An Oak Bluffs detective and 23-year veteran of the police department was terminated by the town selectmen last Friday for what police called a misuse of the FBI’s Criminal Justice Information Services system.

In a statement issued Tuesday, Oak Bluffs police chief Erik Blake said Det. James T. Morse had used the Criminal Justice Information Services (CJIS) system to conduct background checks on people who were not under investigation.

Selectmen called a special meeting Friday afternoon. — Holly Pretsky

Hosted by the FBI in Clarksburg, W.V., the system compiles data from all police departments and law enforcement agencies.

The issue came to light when the Oak Bluffs police department was contacted on Oct. 10 by an outside law enforcement agency conducting a criminal investigation, Chief Blake said in the statement. “The subject of this investigation was a former tenant of Detective James Morse, who is a Falmouth resident.”

An internal investigation followed, Chief Blake said. “In the course of this investigation, Detective Morse was asked if he had utilized the Criminal

Justice Information Services (CJIS) system to conduct any records check on his former tenant. The answers given caused us to conduct a one-year lookback period with CJIS on all subjects run by Detective Morse.”

The results of that audit were received on Oct. 18, the chief said. “We discovered several names of individuals that had no affiliation with or being investigated by this department.”

According to a mutual separation and release agreement made public by the selectmen, Nov. 5 was Detective Morse’s last day of work. Under the agreement, he will be paid accrued time for vacation of $7,686 and accrued compensatory time of $12,746.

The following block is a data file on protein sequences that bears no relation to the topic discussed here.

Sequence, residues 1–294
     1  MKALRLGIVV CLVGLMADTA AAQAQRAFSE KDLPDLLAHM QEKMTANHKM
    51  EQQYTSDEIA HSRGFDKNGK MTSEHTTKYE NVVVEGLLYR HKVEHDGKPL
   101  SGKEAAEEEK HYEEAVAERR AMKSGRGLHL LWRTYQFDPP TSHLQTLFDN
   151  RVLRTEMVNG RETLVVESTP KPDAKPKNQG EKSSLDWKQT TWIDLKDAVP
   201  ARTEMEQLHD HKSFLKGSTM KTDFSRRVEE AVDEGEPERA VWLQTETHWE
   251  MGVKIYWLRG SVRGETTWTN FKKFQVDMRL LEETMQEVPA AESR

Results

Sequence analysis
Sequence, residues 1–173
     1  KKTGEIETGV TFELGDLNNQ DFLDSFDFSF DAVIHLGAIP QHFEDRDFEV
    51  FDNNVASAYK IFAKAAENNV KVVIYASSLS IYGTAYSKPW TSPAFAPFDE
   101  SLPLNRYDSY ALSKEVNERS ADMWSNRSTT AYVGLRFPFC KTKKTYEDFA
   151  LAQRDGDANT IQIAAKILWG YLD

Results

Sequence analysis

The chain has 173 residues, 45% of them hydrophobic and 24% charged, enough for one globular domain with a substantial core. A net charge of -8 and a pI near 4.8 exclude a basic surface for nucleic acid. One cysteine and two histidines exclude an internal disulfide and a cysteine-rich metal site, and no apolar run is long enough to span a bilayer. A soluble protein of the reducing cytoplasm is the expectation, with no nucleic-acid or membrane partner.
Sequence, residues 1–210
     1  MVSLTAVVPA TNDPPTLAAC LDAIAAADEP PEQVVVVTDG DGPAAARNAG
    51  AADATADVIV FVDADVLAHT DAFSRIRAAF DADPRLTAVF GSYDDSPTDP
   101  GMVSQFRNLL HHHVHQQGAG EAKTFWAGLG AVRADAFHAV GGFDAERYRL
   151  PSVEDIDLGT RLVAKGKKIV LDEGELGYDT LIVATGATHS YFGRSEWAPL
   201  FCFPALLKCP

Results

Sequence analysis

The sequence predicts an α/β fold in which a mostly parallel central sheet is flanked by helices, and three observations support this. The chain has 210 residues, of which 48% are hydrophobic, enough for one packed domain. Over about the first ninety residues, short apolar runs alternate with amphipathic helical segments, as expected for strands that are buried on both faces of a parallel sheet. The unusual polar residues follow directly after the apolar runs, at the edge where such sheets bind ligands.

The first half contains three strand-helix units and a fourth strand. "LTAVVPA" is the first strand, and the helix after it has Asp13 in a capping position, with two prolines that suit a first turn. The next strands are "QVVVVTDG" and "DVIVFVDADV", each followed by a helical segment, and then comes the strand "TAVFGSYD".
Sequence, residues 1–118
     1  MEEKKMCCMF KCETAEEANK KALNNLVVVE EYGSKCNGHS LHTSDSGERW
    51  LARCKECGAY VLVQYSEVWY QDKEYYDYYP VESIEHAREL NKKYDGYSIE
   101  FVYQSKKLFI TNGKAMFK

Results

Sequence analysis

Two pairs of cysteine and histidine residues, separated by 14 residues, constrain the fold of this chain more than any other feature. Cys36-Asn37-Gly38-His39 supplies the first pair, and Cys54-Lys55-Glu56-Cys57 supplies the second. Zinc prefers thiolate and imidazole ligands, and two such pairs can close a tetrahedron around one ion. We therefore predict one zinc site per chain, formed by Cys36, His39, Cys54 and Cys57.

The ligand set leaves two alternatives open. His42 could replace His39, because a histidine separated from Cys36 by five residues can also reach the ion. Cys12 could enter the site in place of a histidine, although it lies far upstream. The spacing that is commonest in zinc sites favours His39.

Speaking to the Gazette by phone on Wednesday, Chief Blake said the town will not seek charges against Detective Morse, who began as an Oak Bluffs summer officer in 1995 and worked his way up the ranks, eventually becoming a detective in 2014. Mr. Morse is also a practicing attorney and has a law office and a home in Falmouth.

Chief Blake said the results of the investigation and internal audit would be sent to CJIS within 90 days, as required. “They make a determination whether what we did was sufficient or not. That’s who would be making any kind of decision like that, but no, we’re not seeking any charges,” the chief said.

“That really is all there is to it,” Chief Blake continued. “I penned [the statement] purposely to give as much as I possibly could. He wasn’t the target of the initial call to us, and the information about the original call is not mine to give. I felt I needed to make a statement on the background just to be transparent.

“He violated rules and regulations,” the chief continued, “and it never got to a termination disciplinary hearing in front of the selectmen, like when you come in with union lawyers and you sit down and present a case and then they vote. They were only presented with the separation agreement because that’s what he decided to do.” The vote to terminate Detective Morse followed a brief executive session that was attended by all five selectmen, the town administrator and Chief Blake last Friday. The separation agreement was announced at the same time.

“Detective Morse has been separated from service to the town,” selectman and board chairman Gail Barmakian said. “As a personnel matter we have no further comment on the subject.”

Detective Morse did not attend the meeting.

Four days later Chief Blake issued the statement adding further details.

“We consider this matter closed and will be making no further comment,” the statement concluded.

In addition to itemizing payments for accrued vacation and compensatory time, the separation agreement also spells out mutual non-disparagement terms. “Mr. Morse agrees to refrain from making any public statements, including but not limited to social media postings that are critical, derogatory, or which many tend to injure the reputation of the town,” the agreement reads in part. It also states that the town agrees if asked, that it will “confirm his job title and dates of employment and compensation only.”

Also under the agreement, Mr. Morse agreed to waive all rights to sue the town or recover any money by way of a lawsuit.